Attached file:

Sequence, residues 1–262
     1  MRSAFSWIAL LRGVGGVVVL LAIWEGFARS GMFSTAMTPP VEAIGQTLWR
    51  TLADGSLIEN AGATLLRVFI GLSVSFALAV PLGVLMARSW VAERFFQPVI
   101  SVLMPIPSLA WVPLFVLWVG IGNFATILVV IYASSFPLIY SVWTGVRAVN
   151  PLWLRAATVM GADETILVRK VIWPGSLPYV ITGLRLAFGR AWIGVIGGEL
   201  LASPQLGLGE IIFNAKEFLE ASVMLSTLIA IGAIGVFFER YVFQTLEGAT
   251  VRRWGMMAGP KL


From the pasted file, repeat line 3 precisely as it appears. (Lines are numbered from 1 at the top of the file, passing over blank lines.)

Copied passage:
    51  TLADGSLIEN AGATLLRVFI GLSVSFALAV PLGVLMARSW VAERFFQPVI